Top: The intersection of Jefferson Boulevard at Tyler Street in 1929. (Photo courtesy of the Texas/Dallas History and Archives Division of the Dallas Public Library)

Top: The intersection of Jefferson Boulevard at Tyler Street in 1929. (Photo courtesy of the Texas/Dallas History and Archives Division of the Dallas Public Library)

The Bishop Arts District Conservation District protects old buildings in those few blocks from demolition, but Jefferson Boulevard enjoys no such sweeping protection.

When the boulevard was rezoned in 2014, it allowed buildings that mix apartments, offices and shops as high as 15 stories. If a developer should buy up a few buildings in a row on Jefferson, regardless of the structures’ age or importance, they could tear them down and build high-rise apartments with retail at street level, for example.

On the whole boulevard, only three historic buildings are protected from demolition by city ordinance. Sunset High School and the Oak Cliff Methodist Church at Marsalis are two of them.

The other is a one-story building on the southwest corner of Jefferson and Tyler, which now houses a quinceañera shop.

This was Mallory Drug Store, built in 1912.

For several years during the streetcar era, Mallory was the vortex of our neighborhood. It was built on one of the city’s busiest streetcar lines, and it was a transfer point for the Interurban line that ran to Fort Worth.

It later became a Clarence Saunders grocery store, one of several in our neighborhood at the time.

The building became a Dallas historic landmark in the 1970s, when it housed B&B Bicycles, because it was a prime architectural example of retail built specifically to serve a streetcar.

But there’s an argument to be made for preserving the entire corner of Jefferson at Tyler.

The intersection today, photo by Danny Fulgencio

The intersection today, photo by Danny Fulgencio

Oak Cliff’s original downtown, which included a city hall, fire station, movie theater, homes and retail buildings is all but gone. Most of it was torn down in the mid 1950s to make way for Interstate 35.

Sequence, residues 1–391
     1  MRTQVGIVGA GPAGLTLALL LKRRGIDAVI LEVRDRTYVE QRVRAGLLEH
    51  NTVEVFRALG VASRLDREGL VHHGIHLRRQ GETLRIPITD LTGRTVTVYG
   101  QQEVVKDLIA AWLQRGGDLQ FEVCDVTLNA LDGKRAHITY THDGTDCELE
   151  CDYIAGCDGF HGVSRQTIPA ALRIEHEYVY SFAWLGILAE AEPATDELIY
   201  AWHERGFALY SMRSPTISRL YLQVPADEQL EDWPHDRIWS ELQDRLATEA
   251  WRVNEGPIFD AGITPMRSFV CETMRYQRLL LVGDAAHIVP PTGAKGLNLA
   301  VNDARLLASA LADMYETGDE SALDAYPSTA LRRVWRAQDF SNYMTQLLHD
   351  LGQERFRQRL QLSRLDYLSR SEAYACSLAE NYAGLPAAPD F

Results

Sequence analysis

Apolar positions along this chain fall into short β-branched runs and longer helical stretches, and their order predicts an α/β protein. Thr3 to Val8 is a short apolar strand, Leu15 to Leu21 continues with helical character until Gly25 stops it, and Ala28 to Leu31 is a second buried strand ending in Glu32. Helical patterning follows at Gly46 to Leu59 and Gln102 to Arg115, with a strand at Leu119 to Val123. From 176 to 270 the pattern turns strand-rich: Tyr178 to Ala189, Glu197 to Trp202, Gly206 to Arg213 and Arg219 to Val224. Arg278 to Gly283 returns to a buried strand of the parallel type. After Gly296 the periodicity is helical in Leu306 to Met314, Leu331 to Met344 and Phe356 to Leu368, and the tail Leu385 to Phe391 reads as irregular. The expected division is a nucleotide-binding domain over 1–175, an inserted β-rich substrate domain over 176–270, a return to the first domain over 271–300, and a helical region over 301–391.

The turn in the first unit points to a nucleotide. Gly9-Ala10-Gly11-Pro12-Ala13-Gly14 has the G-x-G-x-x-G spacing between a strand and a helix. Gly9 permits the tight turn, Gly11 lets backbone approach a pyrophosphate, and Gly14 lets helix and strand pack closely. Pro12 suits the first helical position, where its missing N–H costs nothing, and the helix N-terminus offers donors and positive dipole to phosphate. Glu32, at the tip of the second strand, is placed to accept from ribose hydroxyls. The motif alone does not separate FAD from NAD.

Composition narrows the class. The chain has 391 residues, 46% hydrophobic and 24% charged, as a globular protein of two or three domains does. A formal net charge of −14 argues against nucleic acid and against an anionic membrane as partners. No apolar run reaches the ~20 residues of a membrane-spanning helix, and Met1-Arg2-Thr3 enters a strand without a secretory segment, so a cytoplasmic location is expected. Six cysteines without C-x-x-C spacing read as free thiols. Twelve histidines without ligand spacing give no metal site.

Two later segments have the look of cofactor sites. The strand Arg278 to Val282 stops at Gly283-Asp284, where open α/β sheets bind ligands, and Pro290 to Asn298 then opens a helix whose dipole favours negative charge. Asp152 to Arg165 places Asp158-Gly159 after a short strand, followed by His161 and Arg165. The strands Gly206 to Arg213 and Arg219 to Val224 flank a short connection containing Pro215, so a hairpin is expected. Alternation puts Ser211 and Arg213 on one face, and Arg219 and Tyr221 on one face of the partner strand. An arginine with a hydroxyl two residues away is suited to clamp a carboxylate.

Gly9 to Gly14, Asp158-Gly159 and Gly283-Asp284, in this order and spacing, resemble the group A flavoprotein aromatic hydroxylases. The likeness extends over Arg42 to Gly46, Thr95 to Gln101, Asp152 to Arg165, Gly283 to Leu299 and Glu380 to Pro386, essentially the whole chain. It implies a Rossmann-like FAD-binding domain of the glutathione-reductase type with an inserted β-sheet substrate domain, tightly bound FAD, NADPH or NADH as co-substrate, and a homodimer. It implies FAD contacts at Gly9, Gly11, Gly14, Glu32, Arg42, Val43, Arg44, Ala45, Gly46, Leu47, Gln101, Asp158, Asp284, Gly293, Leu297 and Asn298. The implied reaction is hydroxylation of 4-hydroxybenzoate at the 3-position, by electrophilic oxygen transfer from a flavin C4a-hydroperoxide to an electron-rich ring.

Jefferson at Tyler, however, is one of very few intersections to retain its original character, nearly unblemished.

Across the street from Mallory, at 901 W. Jefferson, is a two-story building that also was built as a pharmacy. It changed hands several times, but it was a Rexall in a 1929 photo. These were the days when a drugstore was more than a pharmacy; it was a place to get lunch, send mail and obtain certain government services, including vehicle registration.

The second story of the old Rexall building more recently has been converted to artists’ lofts and an apartment. The building is owned by an Oak Cliff resident with an interest in preservation. And the Mallory building is owner occupied. The opposite corner belongs to the wedding and quinceañera shop Lizcano, which also is owner occupied.

But the building that now houses Tienda Choris, at 835 W. Jefferson on the northeast corner, is owned by a local family company that holds a lot of coin laundries, check-cashing places and convenience stores. The 102-year-old retail strip is fully occupied with a tattoo shop, a couple of restaurants and a small grocery. But the current zoning would allow an apartment building as high as 15 stories there.

The new Oak Cliff streetcar rolled into Bishop Arts at the end of August, and there are many who are rallying for it to be further extended to Jefferson, just like the old days.

By the time it gets there, years in the future, an unprotected Jefferson Boulevard could look very different than it does today.